Boris Johnson has arrived in Moscow with a blunt message to the Kremlin to halt destabilising activities which threaten the national security of the UK and its allies.
Mr Johnson's visit to Russia, the first in five years by a British Foreign Secretary, comes at a time when relations with the West are at their frostiest since the Cold War.
In his toughest diplomatic challenge yet, he will seek improved co-operation on issues of global security, like preserving the Iranian nuclear deal and countering the threat to stability from North Korea.
But he will say Britain will defend its interests and those of its allies if they come under threat, and make clear that a change in stance is needed from Moscow for there to be a normalisation in relations which have been in the deep freeze since the illegal annexation of Crimea in 2014.
In face-to-face talks with foreign minister Sergey Lavrov, Mr Johnson will say there can be no return to "business as usual" in the UK-Russia relationship while Moscow continues to support destabilising activities in Europe.
But he will evoke the Second World War co-operation between Britain and the Soviet Union as he argues that the UK and Russia should work closely together in areas of shared concern, despite profound differences on issues like the destabilisation of Ukraine and Moscow's support for dictator Bashar Assad in Syria.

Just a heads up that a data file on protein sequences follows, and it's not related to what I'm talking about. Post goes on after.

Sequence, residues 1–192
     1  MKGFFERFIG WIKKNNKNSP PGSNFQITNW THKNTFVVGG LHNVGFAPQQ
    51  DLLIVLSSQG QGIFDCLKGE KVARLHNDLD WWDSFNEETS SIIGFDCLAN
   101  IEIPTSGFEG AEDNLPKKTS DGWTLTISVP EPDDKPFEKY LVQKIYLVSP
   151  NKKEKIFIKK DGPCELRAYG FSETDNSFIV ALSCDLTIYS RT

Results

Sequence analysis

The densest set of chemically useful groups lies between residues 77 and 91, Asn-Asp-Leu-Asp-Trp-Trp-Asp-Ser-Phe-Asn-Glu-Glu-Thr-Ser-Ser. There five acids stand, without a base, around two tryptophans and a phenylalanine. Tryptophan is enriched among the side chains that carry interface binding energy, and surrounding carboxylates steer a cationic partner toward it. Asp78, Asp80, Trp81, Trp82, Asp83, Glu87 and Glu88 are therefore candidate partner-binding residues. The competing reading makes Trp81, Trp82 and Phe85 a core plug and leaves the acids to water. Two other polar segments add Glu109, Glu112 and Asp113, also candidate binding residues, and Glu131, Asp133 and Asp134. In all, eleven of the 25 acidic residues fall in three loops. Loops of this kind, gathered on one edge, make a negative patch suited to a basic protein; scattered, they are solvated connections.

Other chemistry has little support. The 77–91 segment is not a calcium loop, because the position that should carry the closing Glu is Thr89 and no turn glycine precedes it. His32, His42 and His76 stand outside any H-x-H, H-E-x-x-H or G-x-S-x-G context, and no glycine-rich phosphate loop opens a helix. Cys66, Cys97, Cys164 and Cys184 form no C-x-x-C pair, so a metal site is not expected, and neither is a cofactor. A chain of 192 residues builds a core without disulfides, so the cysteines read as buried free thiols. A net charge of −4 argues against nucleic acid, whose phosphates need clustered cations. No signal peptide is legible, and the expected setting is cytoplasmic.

Speaking ahead of his meeting with Mr Lavrov, the Foreign Secretary said: "The UK and Russia are permanent members of the UN Security Council, and it's right that we continue to talk to each other.
"Our relations with Russia cannot be 'business as usual' whilst Russia continues to attempt to destabilise European states, including Ukraine.
"However, it is vital for international security that we do talk to each other, as the consequences of miscommunication or misunderstanding are grave.
"My visit to Russia comes at a critical time as we need to work together to solve the world's most pressing global challenges."
Prime Minister Theresa May left no doubt that she was not ready for a thaw in relations with Russia in her high-profile Mansion House speech last month, when she accused President Vladimir Putin of using cyber-espionage and disruption to sow discord in the West and warned the Kremlin: "We know what you are doing. And you will not succeed."
The UK was a firm supporter of the European Union's decision last week to roll over sanctions imposed on Russia over its interference in Ukraine and continues to insist that Moscow must live up to the terms of the Minsk Agreement requiring it to cease support for armed separatists.
With Russia's economy ailing under the impact of sanctions and the fall in energy prices, Mr Putin is thought to be coming under pressure for action to improve relations with the international community.
But it is expected that any change in his posture towards the West will have to wait until he has cleared the hurdle of presidential elections in March, which he is thought certain to win.
Mr Johnson will make clear the UK would be responsive to a change in stance.
"We have a relationship with Russia that spans over 450 years," he said.
"Our similarities and historical links far outweigh our current political disagreements. The Kremlin has positioned Russia in direct opposition to the West, but it doesn't have to be that way."
High on the agenda for talks will be efforts to revive the political process towards a settlement in Syria, where Russian firepower has helped Assad defeat militants of the Islamic State terror group.
The two men are also expected to discuss the tensions over North Korea's nuclear missile programme, as well as Iran, Yemen and broader concerns over European security.